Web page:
The third episode of The Great Canadian Baking Show opens with hosts Aurora Browne and Carolyn Taylor playing catch with a loaf of bread. It’s not that funny; the openings are never funny, they are more awkward. I like Carolyn and Aurora, they are funnier as the Baronesses, but they are more themselves as hosts of the baking show.
It’s bread week. Bread takes a while to bake so there is a lot of footage of the bakers sitting in front of the oven, peering through the tiny window.
The Signature Bake is povitica. The Slovenian and Croatian pastry is known by many names around Eastern Europe. It has a thin dough rolled around sweet or savoury filling, though the most popular kind is filled with chocolate and ground nuts. The first question is: does the star baker Nataliia Shevchenko have an advantage because she is Ukrainian?
But Nataliia says she’s not a fan of bread, she’s a “cake girl”. She is stepping out of her comfort zone though and filling her povitica with mango and hazelnut. She makes a lovely checkerboard filling and it is a good start for her day.
Jodi Robson, however, says she is a bread person and makes a round povitica--it’s fun to say!-- instead of a loaf, which seemed like a good idea, but it is under-baked.
This may be the first time that a povitica has been filled with taro, coconut and black sesame seeds. Chris Koo’s Asian-inspired fillings show off his technique.
Is anyone surprised that Liam Harrap has a sourdough starter that is named Petunia? He veers from the crowd and makes the only savoury bread. The Ethiopian-inspired filling of ground chicken and berbere spices is a hit, but it is the homemade butter that makes judge Bruno Feldeisen smile.
The judges also like Jasmine Linton’s spumoni-coloured fillings and Jay Smidt’s black forest flavours. Andrea Nauta’s coffee pastry bread also does well.
Colin Asuncion doesn’t sing once in the entire episode, but he does win high honours in the Signature Bake this episode with his almost perfect spiced chai povitica.
The Technical Bake is also fun to say: brioche a tete. It’s a brioche bun that looks a bit like a double decker snowman with a square of chocolate in the middle.
Once the dough is made, the bakers add in butter--a lot of butter. The dough gets very sticky and at this point, some decide to add more flour to make it easier to work with. They should not. Rather, the bakers have to use the slap and fold method. (Insert joke here, because the hosts didn’t.)
At the gingham altar, there are lots of inconsistent brioches a tete; even Nataliia has some that don’t quite live up to the judges’ expectations. Liam’s, however, are the worst, with Jasmine and Andrea rounding out the bottom. Colin wins this one too, with Nataliia second and Jodi in a solid third.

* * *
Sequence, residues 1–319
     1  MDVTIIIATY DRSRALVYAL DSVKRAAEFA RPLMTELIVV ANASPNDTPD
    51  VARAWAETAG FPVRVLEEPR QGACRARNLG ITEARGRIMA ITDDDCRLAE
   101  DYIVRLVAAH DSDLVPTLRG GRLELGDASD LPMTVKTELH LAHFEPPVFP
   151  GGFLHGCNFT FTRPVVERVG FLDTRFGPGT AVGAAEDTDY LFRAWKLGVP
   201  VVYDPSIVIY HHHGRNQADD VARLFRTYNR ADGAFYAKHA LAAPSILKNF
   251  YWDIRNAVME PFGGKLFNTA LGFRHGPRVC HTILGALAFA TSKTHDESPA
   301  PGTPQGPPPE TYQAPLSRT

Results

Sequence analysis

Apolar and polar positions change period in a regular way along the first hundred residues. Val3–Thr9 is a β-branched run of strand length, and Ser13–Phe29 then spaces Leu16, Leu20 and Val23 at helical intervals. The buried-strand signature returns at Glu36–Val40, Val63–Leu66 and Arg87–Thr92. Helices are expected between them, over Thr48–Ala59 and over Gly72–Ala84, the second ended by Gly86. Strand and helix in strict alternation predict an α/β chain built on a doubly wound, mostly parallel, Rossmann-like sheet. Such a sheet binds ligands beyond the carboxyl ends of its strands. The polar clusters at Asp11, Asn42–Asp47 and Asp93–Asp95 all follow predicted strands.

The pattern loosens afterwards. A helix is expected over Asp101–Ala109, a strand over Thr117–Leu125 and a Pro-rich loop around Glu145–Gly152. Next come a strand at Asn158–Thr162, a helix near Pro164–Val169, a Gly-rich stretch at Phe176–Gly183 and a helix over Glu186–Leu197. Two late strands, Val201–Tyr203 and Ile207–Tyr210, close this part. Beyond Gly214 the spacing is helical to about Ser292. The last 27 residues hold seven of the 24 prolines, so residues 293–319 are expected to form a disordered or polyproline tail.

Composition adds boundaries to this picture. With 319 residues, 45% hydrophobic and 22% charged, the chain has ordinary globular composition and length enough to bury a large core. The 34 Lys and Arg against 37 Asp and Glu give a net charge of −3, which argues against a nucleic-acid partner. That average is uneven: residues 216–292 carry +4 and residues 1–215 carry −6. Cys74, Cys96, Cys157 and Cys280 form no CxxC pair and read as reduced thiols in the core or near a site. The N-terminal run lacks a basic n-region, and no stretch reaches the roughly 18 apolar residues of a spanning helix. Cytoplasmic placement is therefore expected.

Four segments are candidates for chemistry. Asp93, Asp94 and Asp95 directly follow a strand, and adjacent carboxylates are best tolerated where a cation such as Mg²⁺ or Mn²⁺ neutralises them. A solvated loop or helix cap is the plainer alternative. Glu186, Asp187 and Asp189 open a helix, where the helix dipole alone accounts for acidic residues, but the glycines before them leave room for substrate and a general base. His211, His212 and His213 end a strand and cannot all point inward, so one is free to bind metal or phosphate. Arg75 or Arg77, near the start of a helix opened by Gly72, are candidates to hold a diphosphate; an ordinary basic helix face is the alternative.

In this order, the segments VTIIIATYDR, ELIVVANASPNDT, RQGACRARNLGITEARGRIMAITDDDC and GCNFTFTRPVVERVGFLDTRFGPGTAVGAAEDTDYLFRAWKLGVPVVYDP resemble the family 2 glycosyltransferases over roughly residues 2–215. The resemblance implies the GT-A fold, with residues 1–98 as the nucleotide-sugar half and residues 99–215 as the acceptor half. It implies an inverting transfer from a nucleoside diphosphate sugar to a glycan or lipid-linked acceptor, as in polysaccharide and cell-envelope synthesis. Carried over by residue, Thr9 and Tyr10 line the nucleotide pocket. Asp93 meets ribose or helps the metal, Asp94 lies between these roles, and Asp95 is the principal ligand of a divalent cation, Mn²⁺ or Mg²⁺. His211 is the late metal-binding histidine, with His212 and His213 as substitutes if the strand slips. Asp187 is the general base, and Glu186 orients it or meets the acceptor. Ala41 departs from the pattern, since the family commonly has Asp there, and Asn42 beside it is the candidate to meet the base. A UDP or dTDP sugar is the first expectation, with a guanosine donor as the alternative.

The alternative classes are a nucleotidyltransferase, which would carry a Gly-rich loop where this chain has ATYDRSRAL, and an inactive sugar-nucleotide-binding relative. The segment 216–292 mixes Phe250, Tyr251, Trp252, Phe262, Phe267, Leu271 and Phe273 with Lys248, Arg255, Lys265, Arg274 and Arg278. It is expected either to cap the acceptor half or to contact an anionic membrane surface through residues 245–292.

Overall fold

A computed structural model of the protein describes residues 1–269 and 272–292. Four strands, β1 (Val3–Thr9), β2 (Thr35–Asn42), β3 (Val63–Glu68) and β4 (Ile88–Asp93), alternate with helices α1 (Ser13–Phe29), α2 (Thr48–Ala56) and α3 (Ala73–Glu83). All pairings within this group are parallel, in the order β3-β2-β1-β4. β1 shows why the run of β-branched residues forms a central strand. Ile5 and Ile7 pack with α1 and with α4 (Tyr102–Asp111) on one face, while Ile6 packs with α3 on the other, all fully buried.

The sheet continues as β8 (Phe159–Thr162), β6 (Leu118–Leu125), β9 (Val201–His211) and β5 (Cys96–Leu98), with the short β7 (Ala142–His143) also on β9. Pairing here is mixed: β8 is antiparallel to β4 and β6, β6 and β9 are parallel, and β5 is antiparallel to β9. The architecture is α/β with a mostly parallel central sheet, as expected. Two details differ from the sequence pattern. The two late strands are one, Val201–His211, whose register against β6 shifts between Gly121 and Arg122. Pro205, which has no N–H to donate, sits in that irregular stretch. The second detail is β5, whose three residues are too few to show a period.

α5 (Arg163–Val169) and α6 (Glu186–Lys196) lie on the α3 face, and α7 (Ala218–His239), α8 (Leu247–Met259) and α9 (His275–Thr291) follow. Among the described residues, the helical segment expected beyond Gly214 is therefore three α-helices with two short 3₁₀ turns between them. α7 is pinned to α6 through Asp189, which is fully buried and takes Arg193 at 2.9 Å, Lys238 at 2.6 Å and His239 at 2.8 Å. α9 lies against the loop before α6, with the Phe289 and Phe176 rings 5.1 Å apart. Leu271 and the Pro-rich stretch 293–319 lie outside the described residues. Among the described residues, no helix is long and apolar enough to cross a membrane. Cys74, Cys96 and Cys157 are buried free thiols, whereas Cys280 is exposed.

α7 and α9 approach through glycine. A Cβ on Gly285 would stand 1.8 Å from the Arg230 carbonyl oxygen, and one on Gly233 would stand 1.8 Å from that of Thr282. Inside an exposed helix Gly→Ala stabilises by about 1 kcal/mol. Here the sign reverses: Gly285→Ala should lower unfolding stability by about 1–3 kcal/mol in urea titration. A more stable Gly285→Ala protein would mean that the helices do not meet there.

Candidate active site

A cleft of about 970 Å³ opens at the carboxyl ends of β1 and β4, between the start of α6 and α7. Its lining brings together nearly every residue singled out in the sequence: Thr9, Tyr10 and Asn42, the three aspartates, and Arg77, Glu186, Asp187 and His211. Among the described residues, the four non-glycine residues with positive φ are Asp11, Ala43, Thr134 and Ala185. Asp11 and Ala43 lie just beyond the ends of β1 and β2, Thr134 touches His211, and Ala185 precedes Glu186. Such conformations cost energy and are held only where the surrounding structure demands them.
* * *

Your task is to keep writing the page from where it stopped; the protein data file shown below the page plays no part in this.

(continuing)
The Showstopper is to bake a bread sculpture of their choosing. This is an eerily similar challenge to last week’s cookie fantasy. And still, no double entendres; not one joke about baguettes, or dough, or bread being the staff of life. I hope there were some when the cameras were off, at least.
The bakers have to use at least two kinds of dough. Some, like Liam, use three types of bread. He has plans for a 3D bird cage, complete with a butter bird in the middle. And he pulls it off.
Jodi creates a wrestling ring with a doughy replica of her wrestling husband. The judges like her earthy rye bread and pretzel ropes.
Jay’s challah butterfly with fougasse wings seemed like a good idea, but the wings don’t fly. So, it looks like a flattened butterfly.
Nataliia’s Ukrainian-Canadian girl is beautiful. I don’t think we really got a good look at the details around her face. As lovely as she is to look at, she is under-seasoned and the taste falls flat.
Colin’s crab with pretzel claws has a simpler construction, but his attention to detail in both design and taste wins over the judges. Colin has definitely come out of his shell this weekend.
Chris also heads under the sea and creates a mythological mermaid which has a delicious nori fougasse, but his challah component is too dry.
Jasmine’s pandas with grissini bamboo are cute, and she makes a throwaway comment about them being a mix of black and white which tells me that she is thinking about these things. Unfortunately, her mama bear is overdone.
Andrea kept saying that she was scared of bread and she has some trouble with her showstopper. The vase filled with flowers is colourful, like her hair. Unfortunately, the flavours of her bread do not have the same creativity and her showstopper falls flat, kind of like her stumpy vase.
After the judges deliberate, Aurora has to kick off the failed baker. Did I notice her eyes welling up at the task? Andrea is sent home, did the dough smell her fear?
It’s not a surprise that Colin hit all the high notes this week and wins star baker. He has unseated Nataliia. Is this a new trend?
Obviously, bakers have strengths and weaknesses, but I’m not sure that having big weak spots like cakes or breads is a good strategy for bakers who are aiming to stick around for a while.
Megan Stasiewich (finalist in last year’s GCBS) said on our most recent podcast that Bruno’s advice to the bakers is that they are not competing against each other, they are competing against themselves. I think that is what makes this show different from other reality shows. There is no strategy that involves finding other people’s weak spots, it is all about managing your own.
If you love The Great Canadian Baking Show, you will want to listen to More Than Maple Syrup this week, we have Megan giving us some inside knowledge and interviews with both the judges and the hosts.